More Shady Business at Crisis Pregnancy Centers




The Texas Legislature has increased the funding to the Texas Alternatives to Abortion Program over the years. Texas Pregnancy Care Network receives almost 100% of the program’s funding. Courtesy NARAL Pro-Choice Texas

An updated investigation of crisis pregnancy centers in Texas by NARAL Pro-Choice Texas reveals personnel at the centers continue to use misinformation, scare tactics, and questionable practices when speaking with women about their unintended pregnancies.

Crisis pregnancy centers, billed as well-rounded resource centers but that have been found to use discredited, inaccurate information without offering full medical care, have received millions in state funding over the last few budget cycles. In fact, when money from the state’s family planning program was dramatically cut by the Texas Legislature in 2011 (leading to the closure of dozens of medical clinics and thousands of women losing contraceptive and preventive care services), some was diverted to the Texas Alternatives to Abortion Program to fund crisis pregnancy centers and other anti-abortion initiatives. The most recent state budget passed allocates more than $10 million to the program over the next two years, and crisis pregnancy centers also receive state dollars through the Choose Life license plate fund.

NARAL has been consistently investigating crisis pregnancy centers over the years, issuing the last report in 2011. Investigations show that these centers do not in fact offer medical care, though they are often disguised as if they do. This year, NARAL volunteer investigators of reproductive age visited 16 clinics this year in Austin, Dallas, Houston, Bryan/College Station, El Paso, and the surrounding areas. The women who participated had a variety of questionable and troubling experiences, including hearing widely discredited information from counselors about the link between abortion and breast cancer risk, which has been debunked by the American Congress of Obstetricians and Gynecologists. Investigators also reported that staff dissuaded them from seeing a physician.

[Related: "While Cutting Family Planning Funds, Texas Lawmakers Divert Millions to Crisis Pregnancy Centers"]

One investigator reported that the volunteer counselor she met with did not give her a pregnancy test but that she did get an ultrasound, which women seeking an abortion are required to get at least 24 hours before the procedure thanks to the 2011 sonogram law. As NARAL points out in its investigation, abortion clinics will not accept sonograms performed at crisis pregnancy centers, as the law requires that they be performed by licensed physicians or certified sonographers. “CPCs are aware of this, but do not tell their visitors,” NARAL writes. CPCs often offer free sonograms to exploit women, the investigation shows.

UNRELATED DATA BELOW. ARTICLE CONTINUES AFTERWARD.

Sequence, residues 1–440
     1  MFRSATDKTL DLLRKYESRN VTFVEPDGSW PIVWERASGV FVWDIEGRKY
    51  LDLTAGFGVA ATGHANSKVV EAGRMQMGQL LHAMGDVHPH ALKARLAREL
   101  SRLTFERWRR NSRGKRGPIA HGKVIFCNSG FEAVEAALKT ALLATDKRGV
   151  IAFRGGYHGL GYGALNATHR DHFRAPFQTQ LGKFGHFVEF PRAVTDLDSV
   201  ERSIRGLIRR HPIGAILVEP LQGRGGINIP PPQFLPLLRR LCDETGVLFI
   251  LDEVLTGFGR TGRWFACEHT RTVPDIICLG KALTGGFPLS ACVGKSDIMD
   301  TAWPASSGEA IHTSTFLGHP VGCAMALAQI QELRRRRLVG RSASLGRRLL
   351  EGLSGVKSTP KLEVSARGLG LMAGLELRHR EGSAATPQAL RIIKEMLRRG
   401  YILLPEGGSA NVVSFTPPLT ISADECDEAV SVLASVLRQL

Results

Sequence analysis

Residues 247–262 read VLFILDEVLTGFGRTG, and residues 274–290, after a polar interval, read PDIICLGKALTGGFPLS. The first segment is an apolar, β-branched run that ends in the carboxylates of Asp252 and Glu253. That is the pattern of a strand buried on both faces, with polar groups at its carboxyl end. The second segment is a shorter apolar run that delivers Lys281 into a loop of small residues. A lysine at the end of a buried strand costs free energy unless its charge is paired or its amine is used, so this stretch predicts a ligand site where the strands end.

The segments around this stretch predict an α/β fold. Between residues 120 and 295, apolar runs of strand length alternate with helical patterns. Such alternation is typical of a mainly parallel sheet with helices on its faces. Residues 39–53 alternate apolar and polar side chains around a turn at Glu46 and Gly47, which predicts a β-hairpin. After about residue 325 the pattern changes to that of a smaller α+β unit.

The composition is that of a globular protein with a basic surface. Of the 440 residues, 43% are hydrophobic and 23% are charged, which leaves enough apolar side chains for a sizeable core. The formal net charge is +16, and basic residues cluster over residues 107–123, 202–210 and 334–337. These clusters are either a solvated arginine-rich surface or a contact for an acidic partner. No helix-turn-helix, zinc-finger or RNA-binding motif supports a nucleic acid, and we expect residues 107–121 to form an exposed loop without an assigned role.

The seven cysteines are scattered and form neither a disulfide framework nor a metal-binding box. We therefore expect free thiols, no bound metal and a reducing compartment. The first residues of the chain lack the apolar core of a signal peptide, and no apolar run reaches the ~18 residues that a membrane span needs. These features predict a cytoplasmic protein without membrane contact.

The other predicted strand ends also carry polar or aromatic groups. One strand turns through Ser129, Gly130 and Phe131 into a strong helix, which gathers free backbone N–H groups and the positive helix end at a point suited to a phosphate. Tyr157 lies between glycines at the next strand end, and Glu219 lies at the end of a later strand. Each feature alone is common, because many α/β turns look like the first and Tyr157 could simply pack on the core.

“When I went in to the CPC for my appointment, I was taken to the ultrasound room after a volunteer counselor and missionary discussed my pregnancy options with me and discouraged me from seeking an abortion,” one investigator wrote. “They never gave me a pregnancy test. The missionary performed the ultrasound. At first she told me she could not see anything, but after several minutes she told me she was pretty sure she could see my ‘baby’ even though in reality, I wasn’t pregnant.”

(Read more firsthand accounts and watch videos from the investigation here.)

NARAL Pro-Choice Texas executive director Heather Busby told the Current via email that volunteers tried to visit a crisis pregnancy center in San Antonio, but despite posted hours, the center was never open when they went.

The investigation comes as Texas’ most restrictive abortion bill is tied up in court and providers await word from the 5th Circuit Court of Appeals on whether the state can immediately enforce all the restrictions. The law imposes strict standards on Texas’ licensed abortion facilities, including requiring physicians to obtain admitting privileges at nearby hospitals and requiring that facilities meet expensive ambulatory surgical center standards deemed medically unnecessary by national medical groups. So far, these two provisions of the law have forced about half of Texas’ abortion clinics to close. Once it takes effect, Texas will lose all but seven or eight abortion facilities.

“While abortion clinics are regulated out business, crisis pregnancy centers thrive in Texas and many receive state funding,” Busby said. “Our research reveals that these centers put their anti-abortion ideology above the health and safety of their visitors. We already knew that crisis pregnancy centers lied to their visitors, but our investigation revealed just how far these centers are willing to go to coerce a person into continuing an unintended pregnancy.”

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